Happiness is a Choice
I used to say that some people in the world were naturally happy and others weren’t. I was in the unhappy category and as friends or relatives gave me books meant to inspire, like Chicken Soup For The Soul, I became more bitter instead. I was so tired of seeing cliched little sayings like “smile and the world will smile with you” because some of us just don’t feel like smiling, and that should be okay. Happiness was something that either happened or didn’t, but I felt like it was out of my control and I was very rarely happy.
You’ll hear me mention often that in 2009, I was laid off from being the public relations director for a large company. It was that scary situation, being out of work for a year and losing my $135,000/year income, that gave me the time to dig deep into myself. I devoured information about health and emotional wellness. I was desperately seeking relief from my cycle of anxiety and depression, something I’d been hiding from most people who knew me.
Much to my dismay, one of the themes that kept coming up again and again, is that happiness is actually a choice.
If you’re rolling your eyes right now, I get it. If happiness was as simple as a choice, we’d all be bouncing with joy. However, just because something is a choice doesn’t mean its easy. Eating healthy is a choice but that isn’t always easy. Exercising is a choice, but that isn’t always easy. Happiness is a choice, but it isn’t always easy.
The idea of seeking ways to be happy doesn’t mean you are ignoring the fact that a lot of life is filled with difficult situations, pain, frustration, and unfairness. Those things are all true. What I found though is that choosing to look for the few good things in life made the crap of life much more bearable. It was easier to move through the difficult situations when I wasn’t focusing on how difficult it felt.
The basics of mental health – just like physical health – are a choice; inner peace doesn’t come in a pill. It comes from the hard decision to react to life differently, every single day. We have to choose to let go of things that harmed us in the past, to stop thinking the world revolves around us, and to stop thinking that the world owes us something.
One of the best stories about our choices comes from one my favorite speakers; Ajahn Brahm. He has hundreds of talks on YouTube and he’s the abbot of a Buddhist monastery in Australia, but he tends to be pretty funny. In the talk below about depression and anxiety, he tells the story of two chicken farmers; one smart and one stupid. Essentially, this story is a great example of how we can choose to see the same situation differently.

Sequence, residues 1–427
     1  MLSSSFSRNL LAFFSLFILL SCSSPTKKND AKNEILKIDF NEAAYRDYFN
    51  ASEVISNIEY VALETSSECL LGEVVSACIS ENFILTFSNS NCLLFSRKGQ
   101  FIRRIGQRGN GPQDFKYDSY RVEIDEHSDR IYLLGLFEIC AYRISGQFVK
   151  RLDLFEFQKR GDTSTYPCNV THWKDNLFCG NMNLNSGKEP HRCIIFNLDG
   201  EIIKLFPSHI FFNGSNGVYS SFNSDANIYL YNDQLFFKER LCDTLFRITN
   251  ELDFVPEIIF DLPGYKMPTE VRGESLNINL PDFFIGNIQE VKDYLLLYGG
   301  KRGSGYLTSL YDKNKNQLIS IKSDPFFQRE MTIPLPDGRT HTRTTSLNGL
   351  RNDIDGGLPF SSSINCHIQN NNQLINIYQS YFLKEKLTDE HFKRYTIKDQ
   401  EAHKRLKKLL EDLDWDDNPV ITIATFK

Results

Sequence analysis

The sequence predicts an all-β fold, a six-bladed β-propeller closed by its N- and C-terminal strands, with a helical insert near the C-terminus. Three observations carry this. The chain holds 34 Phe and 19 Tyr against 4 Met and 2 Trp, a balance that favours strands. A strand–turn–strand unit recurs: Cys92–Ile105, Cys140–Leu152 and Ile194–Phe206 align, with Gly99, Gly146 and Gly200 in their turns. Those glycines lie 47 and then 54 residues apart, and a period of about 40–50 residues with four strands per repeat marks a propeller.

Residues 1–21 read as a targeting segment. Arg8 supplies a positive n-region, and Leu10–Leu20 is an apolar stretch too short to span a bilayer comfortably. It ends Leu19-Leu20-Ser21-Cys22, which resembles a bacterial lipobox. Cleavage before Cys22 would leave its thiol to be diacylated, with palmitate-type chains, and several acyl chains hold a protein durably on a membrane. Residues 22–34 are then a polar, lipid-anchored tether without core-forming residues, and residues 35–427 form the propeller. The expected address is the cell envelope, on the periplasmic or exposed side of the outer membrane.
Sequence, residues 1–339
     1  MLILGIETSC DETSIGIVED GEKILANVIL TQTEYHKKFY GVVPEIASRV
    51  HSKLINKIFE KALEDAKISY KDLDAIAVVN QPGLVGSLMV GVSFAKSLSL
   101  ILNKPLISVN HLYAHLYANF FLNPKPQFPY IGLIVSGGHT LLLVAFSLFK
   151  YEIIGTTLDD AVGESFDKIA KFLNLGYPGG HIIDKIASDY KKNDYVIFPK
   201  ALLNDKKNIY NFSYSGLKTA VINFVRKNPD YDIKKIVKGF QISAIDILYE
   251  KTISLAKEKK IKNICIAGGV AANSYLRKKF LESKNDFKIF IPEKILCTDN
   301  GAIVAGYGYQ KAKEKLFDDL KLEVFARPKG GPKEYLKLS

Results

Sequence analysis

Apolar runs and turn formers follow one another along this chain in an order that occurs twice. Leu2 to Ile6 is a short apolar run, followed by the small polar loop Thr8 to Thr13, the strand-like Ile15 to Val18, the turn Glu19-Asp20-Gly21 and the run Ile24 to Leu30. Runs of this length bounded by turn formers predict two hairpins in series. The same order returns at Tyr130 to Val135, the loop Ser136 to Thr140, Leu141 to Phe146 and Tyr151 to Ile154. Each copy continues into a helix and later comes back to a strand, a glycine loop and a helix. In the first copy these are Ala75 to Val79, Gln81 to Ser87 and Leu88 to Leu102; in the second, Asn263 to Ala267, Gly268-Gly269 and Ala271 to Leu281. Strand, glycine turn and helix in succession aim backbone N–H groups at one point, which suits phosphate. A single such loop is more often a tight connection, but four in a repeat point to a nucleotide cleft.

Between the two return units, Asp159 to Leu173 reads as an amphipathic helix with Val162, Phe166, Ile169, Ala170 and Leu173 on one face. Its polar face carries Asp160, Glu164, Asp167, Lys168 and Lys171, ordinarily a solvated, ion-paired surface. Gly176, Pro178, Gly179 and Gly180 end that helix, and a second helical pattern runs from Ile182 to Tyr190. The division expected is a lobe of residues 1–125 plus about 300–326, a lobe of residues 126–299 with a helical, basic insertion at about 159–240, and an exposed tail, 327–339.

Here is a video of that talk, which in this link starts at this specific story. I do recommend at some point starting from the beginning and listening to the whole talk. (Huge thanks to the reddit user who posted this to start right at the chicken farmer story!)
For those who may not be able to watch the video right now, I’ll sum it up: The stupid chicken farmer wakes up in the morning, takes his basket out to the coop, and puts all of the chicken shit into the basket. He leaves all of the eggs to rot, then goes inside the house with his basket of shit; no one wants to be around him. He carries his basket around all day, making no money, and causing people to avoid him. He wakes up the next morning and does the same thing all over again.
The smart chicken farmer wakes up in the morning and takes the basket out to the coop and collects the eggs. He leaves the shit to put into his garden later and takes the eggs inside his house. He makes a nice omelet for his family and then sells the rest of the eggs at the market. He wakes up the next morning and does the same thing all over again.
So, are you a shit collector or an egg collector? Do you look at the stuff in your life and focus on the eggs (the good things in life) or do you focus on the shit? Both things are right in front of you but its your choice as to which where you focus. Is there shit in life? You bet! But there are also eggs. They may not be easy to find and they may not be the shape, size, or color you want, but the eggs are there if you take the time to look for them.
Otherwise, all you have is a basket of shit.
Once you embrace this idea that happiness is a choice, the techniques I’ll talk about will make so much more sense. You’ll be able to see that if you’re collecting shit you can choose to dump it out and search for the eggs instead.
One of the ways we do that is by shifting our perspective. Read my next post about that topic about how to do that and keep on your path to happiness.
I am a Certified Massage Therapist and Health Educator specializing in relaxation, injury management, and stress management since 2012. I hold a B.A. in Public Communication from The American University in Washington D.C. and graduated with honors from the National Holistic Institute in Emeryville, California. I traded a high pressure, high stress career as an international public relations professional for a career as a massage therapist. I now have a passion for providing wellness information in a way that's fun and easy to understand.